When Israel’s War of Independence concluded, Israel controlled the new city of Jerusalem, but Jordan controlled the Old City, where the Western Wall is located.
In the armistice agreement, Jordan agreed to permit Jews to visit and pray at the Western Wall. However, it never honored that agreement, and instead forbade Jews from entering the Old City.
On Yom Yerushalayim (Jerusalem Day), we celebrate the reunification of Jerusalem in the aftermath of the June 1967 Six-Day War.
(David Rubinger’s famous photograph of IDF soldiers after liberating the Western Wall in June 1967)
On June 7, 1967, Israeli Defense Minister Moshe Dayan declared:
This morning, the Israel Defense Forces liberated Jerusalem. We have united Jerusalem, the divided capital of Israel. We have returned to the holiest of our holy places, never to part from it again. To our Arab neighbors we extend, also at this hour—and with added emphasis at this hour—our hand in peace. And to our Christian and Muslim fellow citizens, we solemnly promise full religious freedom and rights. We did not come to Jerusalem for the sake of other peoples’ holy places, and not to interfere with the adherents of other faiths, but in order to safeguard its entirety, and to live there together with others, in unity.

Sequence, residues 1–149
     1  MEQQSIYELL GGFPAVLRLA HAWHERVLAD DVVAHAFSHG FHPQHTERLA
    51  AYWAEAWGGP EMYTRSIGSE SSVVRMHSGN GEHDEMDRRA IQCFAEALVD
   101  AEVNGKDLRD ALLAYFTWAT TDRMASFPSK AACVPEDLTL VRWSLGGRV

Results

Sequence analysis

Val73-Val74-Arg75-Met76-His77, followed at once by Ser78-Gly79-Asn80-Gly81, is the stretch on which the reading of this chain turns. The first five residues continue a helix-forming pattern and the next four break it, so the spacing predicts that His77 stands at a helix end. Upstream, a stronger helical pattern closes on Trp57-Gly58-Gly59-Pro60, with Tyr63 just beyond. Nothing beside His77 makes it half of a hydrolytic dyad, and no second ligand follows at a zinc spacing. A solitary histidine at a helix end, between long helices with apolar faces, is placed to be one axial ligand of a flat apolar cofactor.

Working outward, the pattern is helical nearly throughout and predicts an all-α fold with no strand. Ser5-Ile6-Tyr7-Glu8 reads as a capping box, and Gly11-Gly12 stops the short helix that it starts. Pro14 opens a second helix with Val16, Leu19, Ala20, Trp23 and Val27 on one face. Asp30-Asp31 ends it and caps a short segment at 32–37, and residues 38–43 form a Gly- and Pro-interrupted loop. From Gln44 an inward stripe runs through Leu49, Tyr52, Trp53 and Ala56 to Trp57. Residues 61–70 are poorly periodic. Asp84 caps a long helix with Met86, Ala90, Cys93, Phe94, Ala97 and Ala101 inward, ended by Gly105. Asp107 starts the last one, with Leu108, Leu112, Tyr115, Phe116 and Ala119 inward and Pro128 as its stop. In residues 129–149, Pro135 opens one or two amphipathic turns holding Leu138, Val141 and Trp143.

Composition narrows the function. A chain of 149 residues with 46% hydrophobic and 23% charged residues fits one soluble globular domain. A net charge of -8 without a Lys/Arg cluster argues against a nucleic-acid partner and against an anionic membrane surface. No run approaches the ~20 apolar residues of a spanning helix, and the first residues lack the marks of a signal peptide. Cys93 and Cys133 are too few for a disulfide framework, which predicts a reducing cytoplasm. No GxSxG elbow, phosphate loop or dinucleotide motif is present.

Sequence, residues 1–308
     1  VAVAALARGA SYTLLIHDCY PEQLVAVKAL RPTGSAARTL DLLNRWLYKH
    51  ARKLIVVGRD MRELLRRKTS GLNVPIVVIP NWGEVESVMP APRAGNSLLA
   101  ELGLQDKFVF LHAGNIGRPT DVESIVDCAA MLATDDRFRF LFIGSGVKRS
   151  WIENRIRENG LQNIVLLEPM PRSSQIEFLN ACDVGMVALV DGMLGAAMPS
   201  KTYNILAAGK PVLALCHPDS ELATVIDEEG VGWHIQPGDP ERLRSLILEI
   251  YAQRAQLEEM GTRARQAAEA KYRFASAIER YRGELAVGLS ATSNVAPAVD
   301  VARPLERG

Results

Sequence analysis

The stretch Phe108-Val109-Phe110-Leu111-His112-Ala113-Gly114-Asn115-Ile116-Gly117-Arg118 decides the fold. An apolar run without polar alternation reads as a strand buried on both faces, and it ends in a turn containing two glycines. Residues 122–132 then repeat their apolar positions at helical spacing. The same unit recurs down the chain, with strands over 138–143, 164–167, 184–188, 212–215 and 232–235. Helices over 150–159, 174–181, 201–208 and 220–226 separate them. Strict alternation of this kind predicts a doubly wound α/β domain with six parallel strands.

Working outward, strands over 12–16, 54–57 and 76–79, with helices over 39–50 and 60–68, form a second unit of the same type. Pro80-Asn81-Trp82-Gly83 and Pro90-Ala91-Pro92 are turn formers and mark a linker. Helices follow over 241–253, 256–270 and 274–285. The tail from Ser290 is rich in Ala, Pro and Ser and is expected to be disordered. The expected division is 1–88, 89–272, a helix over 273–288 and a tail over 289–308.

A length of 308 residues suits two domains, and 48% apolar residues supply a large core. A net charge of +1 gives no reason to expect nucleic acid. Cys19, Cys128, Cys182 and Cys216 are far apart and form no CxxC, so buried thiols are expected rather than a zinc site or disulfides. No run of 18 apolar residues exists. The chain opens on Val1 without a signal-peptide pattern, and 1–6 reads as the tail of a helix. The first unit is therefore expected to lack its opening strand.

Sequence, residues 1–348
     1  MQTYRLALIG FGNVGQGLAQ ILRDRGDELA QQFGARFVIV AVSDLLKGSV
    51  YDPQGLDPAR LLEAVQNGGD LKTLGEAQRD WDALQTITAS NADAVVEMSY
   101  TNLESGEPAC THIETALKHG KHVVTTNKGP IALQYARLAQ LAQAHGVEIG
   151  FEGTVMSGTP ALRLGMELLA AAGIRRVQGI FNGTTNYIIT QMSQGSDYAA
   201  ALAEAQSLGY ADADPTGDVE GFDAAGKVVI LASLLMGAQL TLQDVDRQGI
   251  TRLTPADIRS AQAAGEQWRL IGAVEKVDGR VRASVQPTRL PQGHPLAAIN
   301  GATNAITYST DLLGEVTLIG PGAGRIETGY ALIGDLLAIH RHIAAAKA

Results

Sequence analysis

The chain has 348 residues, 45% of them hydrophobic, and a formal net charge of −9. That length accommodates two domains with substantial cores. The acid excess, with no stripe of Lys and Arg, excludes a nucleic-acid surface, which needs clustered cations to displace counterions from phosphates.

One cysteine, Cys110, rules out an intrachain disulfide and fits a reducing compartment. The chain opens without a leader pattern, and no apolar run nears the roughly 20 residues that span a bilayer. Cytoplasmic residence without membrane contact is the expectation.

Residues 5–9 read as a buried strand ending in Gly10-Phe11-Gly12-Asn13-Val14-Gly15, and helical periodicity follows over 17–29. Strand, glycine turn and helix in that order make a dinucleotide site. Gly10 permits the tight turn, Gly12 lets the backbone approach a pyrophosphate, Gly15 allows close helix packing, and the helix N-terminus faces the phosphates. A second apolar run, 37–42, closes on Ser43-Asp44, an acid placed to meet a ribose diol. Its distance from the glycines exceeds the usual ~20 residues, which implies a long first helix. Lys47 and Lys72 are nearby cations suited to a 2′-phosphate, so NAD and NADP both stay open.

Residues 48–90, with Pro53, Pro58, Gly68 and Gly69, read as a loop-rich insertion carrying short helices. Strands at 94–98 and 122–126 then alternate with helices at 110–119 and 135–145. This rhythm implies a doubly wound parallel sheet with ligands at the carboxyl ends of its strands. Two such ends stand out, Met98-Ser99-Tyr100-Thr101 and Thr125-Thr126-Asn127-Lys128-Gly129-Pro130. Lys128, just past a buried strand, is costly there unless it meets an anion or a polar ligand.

Photo captions (June 7, 1967):
1. Aerial view of Mosque of Omar and Western Wall, Old City of Jerusalem (GPO/Ilan Bruner)
2. Israeli troops with armored car in front of Lions Gatd in the Old City of Jerusalem (GPO/Ilan Bruner)
3. IDF Chief of Staff Yitzhak Rabin invites Defense Minister Moshe Dayan to the Western Wall (GPO/Ilan Bruner)
4. IDF Chief Chaplain Rabbi Shlomo Goren carrying a Torah scroll at the Western Wall (GPO/Eli Landau)